Relief Against Forfeiture

Relief Against Forfeiture

Have you been locked out of your commercial or retail premises?

In New South Wales, a landlord may lock out a tenant for failing to pay rent in accordance with the terms of the lease.

Despite the tenant being in default of the lease and the landlord lawfully taking action to lock out the tenant from the premises (in most instances, by changing the locks), there is a long standing principle in equity, which may come to the aid of a tenant. The court may relieve the tenant if the tenant is willing to remedy the default by paying to the landlord the full amount of the rental and outgoing arrears. This principle is known as relief against forfeiture. In summary, save for exceptional circumstances, a court will likely effectively order the landlord to allow the tenant to re-enter and continue to trade from the premises if the tenant makes payment to the landlord in full. The burden on the landlord in resisting that application for relief against forfeiture is heavy: see Pioneer Quarries (Sydney) Pty Ltd v Permanent Trustee Co of NSW Limited (1970) 2 BPR 9562; Greek Macedonian Club Limited v Pan Macedonian Greek Brotherhood NSW Limited [2007] NSWSC 92. The exceptional circumstances are limited and may include use of the premises for illegal purposes.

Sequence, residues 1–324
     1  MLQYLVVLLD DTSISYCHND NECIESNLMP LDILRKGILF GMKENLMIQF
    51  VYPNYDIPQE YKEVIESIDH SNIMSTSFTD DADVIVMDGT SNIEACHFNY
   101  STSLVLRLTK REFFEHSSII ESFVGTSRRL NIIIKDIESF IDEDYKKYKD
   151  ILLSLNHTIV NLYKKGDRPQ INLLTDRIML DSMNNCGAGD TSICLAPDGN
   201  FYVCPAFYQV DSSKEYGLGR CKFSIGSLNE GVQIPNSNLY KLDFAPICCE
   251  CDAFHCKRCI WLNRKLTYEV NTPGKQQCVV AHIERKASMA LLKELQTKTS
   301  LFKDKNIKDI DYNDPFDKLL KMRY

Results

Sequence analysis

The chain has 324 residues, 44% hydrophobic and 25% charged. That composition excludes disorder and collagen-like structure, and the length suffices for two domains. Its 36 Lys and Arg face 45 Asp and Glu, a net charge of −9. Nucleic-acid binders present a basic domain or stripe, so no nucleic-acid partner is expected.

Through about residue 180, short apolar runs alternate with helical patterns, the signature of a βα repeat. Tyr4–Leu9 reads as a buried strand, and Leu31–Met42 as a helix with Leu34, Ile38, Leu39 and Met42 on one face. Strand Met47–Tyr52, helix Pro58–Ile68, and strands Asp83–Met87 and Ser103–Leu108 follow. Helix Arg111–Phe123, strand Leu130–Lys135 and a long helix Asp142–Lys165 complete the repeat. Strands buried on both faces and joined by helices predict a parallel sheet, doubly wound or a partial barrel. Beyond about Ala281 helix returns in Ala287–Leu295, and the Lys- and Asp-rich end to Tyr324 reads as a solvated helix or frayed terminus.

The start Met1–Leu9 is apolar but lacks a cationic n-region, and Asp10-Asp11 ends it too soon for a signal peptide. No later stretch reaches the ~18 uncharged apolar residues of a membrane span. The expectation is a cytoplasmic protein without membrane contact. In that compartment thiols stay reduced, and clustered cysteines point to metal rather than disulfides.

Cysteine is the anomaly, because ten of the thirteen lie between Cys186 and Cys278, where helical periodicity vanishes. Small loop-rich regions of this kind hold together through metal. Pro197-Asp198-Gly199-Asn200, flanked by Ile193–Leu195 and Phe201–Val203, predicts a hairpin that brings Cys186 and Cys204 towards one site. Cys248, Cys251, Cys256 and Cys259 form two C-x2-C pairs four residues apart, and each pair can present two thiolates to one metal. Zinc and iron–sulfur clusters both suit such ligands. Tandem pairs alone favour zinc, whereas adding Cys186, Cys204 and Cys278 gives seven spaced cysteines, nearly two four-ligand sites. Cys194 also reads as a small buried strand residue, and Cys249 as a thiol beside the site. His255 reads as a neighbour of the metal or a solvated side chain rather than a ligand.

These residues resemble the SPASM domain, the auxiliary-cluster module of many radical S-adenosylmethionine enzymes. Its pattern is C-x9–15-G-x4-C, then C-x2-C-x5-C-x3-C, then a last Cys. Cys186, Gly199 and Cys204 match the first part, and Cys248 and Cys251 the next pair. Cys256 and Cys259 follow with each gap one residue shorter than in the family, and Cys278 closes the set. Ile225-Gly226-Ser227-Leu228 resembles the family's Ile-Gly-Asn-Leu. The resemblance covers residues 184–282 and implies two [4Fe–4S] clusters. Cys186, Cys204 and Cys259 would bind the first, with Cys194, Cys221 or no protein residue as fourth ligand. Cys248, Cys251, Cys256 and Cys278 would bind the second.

While the court may order relief against forfeiture, such an order would not prohibit the landlord from taking future action in respect of subsisting breaches or new breaches of the lease. A systematic failure to pay rent may be one of the factors a court considers to deny relief against forfeiture.

If you are a tenant who has been locked out of your premises, please feel free to contact us. Alternatively, if you are a landlord considering taking action against a tenant who has failed to pay rent, please do not hesitate to contact us.

Important Disclaimer: The material contained in this publication is of general nature only and is based on the law as of the date of publication. It is not, nor is intended to be legal advice. If you require further information on the content of this publication, please contact our office on 9299 0112.